Saturday, December 13, 2014
It’s disconnect time between Americans and their government once again.
Voters continue to believe that cutting government spending and taxes are the best presents the federal government can give the economy this holiday season. Instead, Congress is on the brink of passing a $1.1 trillion budget that does neither.
Most voters have said in surveys for years that controlling the border to stop illegal immigration should come before any steps putting those already here illegally on the path to citizenship. Instead, President Obama on his own has exempted up to five million illegal immigrants from deportation, and so far there doesn’t appear to be much Congress can do about it.
The majority opposes the president taking action on immigration issues without Congress, perhaps in part because many don’t believe he is as interested as they are in stopping illegal immigration. Voters are closely divided over whether their state should join the 17 states now suing the Obama administration over the president’s action.
Voters weren’t clamoring for a report on CIA interrogation methods either, but the Senate Intelligence Committee released one anyway this week. Some in the national security community warned against making the results of the Senate investigation public, saying it's likely to cause reprisal attacks against Americans overseas. Voters strongly believe it would have been better for Congress to keep the Central Intelligence Agency’s interrogation methods a secret if the disclosures put the American public at risk.
Besides, nearly half of voters favor the harsh interrogation tactics used by the CIA on suspected terrorists and think they elicited valuable information that helped the United States.
Then there’s Obamacare which remains untouched despite numerous voter concerns. Most voters continue to believe the unpopular national health care law will cost the government more than projected and will push up health care costs for all Americans.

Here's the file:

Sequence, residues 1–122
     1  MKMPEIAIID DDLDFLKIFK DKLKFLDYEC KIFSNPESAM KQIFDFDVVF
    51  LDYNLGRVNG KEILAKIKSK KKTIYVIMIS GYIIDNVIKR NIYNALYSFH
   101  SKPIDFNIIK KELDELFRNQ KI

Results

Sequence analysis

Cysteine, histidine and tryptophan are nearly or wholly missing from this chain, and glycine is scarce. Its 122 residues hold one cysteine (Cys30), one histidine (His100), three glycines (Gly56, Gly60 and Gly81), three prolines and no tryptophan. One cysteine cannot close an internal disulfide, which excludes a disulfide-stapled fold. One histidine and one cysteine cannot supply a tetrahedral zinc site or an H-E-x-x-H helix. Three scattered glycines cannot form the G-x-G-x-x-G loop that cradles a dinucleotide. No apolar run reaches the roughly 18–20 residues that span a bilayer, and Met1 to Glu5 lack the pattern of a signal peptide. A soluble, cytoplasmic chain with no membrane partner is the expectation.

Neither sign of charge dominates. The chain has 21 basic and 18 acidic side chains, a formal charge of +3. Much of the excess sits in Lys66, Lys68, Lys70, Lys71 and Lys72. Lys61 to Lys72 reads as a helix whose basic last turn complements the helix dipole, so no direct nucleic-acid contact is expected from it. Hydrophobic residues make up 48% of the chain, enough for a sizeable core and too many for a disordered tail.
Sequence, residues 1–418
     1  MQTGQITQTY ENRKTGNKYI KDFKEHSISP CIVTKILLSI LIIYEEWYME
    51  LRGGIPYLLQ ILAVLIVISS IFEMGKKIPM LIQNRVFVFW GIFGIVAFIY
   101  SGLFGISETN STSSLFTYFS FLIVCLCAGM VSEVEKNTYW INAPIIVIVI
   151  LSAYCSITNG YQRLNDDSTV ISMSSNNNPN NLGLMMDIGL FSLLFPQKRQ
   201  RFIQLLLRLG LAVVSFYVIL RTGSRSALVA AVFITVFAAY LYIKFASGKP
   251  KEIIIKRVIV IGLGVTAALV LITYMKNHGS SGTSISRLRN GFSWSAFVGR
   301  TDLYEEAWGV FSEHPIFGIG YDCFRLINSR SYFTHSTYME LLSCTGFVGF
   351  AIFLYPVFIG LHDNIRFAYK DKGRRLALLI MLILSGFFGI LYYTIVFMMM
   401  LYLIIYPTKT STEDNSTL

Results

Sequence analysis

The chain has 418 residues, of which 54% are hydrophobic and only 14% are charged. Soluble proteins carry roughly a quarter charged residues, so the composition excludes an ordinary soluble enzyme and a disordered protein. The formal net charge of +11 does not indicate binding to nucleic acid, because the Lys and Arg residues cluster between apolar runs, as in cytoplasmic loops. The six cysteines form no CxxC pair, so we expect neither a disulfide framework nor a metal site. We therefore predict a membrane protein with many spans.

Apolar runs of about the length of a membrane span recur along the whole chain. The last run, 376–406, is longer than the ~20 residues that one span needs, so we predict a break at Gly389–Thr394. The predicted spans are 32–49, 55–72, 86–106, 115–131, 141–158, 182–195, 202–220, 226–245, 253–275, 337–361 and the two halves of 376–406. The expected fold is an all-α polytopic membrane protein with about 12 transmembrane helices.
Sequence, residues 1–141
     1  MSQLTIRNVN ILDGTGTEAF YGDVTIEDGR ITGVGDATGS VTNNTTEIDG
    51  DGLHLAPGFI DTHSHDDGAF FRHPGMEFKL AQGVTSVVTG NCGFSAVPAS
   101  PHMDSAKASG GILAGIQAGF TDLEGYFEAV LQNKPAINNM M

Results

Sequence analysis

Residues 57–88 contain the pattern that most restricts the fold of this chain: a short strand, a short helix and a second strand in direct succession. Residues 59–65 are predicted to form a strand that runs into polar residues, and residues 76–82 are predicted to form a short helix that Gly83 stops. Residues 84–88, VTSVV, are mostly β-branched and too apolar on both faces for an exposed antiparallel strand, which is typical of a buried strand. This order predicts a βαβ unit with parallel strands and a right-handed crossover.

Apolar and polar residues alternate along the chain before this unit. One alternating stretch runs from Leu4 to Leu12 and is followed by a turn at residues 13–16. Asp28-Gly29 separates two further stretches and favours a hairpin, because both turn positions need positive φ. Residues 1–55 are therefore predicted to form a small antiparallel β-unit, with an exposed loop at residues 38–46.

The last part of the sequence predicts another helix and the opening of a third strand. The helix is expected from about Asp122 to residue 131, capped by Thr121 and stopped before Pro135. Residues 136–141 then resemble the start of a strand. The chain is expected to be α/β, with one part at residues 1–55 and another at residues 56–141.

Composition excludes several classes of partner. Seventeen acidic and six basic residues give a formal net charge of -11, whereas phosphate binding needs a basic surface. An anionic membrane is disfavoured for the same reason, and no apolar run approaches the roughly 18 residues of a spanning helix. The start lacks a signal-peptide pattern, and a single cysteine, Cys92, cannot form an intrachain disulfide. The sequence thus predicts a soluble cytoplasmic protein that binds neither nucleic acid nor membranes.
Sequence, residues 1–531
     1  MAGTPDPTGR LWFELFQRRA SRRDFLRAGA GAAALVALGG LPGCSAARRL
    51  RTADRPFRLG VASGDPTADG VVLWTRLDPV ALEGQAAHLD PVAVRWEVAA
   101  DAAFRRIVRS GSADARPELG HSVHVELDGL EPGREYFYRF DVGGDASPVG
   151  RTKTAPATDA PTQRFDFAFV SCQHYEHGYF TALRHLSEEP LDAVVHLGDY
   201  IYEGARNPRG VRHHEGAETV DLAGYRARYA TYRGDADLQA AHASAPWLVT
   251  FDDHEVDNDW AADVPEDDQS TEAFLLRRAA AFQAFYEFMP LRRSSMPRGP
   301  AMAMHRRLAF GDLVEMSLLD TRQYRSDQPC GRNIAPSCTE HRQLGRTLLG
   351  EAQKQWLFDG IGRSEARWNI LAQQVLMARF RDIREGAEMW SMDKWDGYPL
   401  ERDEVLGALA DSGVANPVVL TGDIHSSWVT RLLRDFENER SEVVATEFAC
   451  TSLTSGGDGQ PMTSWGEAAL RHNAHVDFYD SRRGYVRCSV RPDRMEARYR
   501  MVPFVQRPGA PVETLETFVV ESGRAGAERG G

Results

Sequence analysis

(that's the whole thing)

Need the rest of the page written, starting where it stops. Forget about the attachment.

Voters aren’t keen on the idea of declaring war on the radical Islamic group ISIS in Iraq and Syria and strongly feel that congressional approval should be required before the president sends U.S. troops into combat. The Senate edged closer this week to authorizing boots on the ground for a war most voters don’t want.
On the holiday front, Americans remain strongly supportive of celebrating Christmas in the public schools and putting religious displays on public land – even as state and local governments run in the opposite direction.
Voters continue to give mediocre reviews to the public schools and remain strongly pro-choice when it comes to things like uniforms, academic calendars and school prayer.
Despite complaints from many in government, Americans are solidly convinced that their local police are their protectors and give them high makes for the job they do. Most also believe deaths that involve policemen are usually the fault of the suspect, not the cop.
But Americans are less sure of the need for police to use factors such as race, ethnicity and overall appearance to determine whom they should randomly search.
As with many issues involving race, black Americans and white Americans have distinctly different views of the police and recent high-profile events involving them in Ferguson, Missouri and on Staten Island in New York.
Most Americans aren’t convinced that recent protests around the country in response to the grand jury decisions in Missouri and New York will bring about desired changes and think such protests are controlled by special interest groups and outside agitators anyway.
Americans are more supportive of police officers wearing body cameras and believe it will reduce the number of fatal incidents cops are involved in. Interestingly, however, they think the cameras will protect the police more than civilians.
Voters have become slightly less critical of the president since Election Day, although his daily job approval rating still runs in the negative mid-teens.
Democrats have edged ahead on the latest Generic Congressional Ballot, the first time they’ve had the lead since early October.
In other surveys last week:
-- Twenty-six percent (26%) of voters think the United States is heading in the right direction. This finding has been under 30% nearly every week for the past year-and-a-half.
-- Investors are feeling more upbeat, consumers less so.
-- It’s Jesus vs. Santa again this Christmas season.
-- Americans are in the charitable spirit this Christmas, and more plan to make a donation than last year.
-- Most adults think their fellow Americans play video games too much. Nearly half of Americans also still believe violent video games lead to more violence in society.
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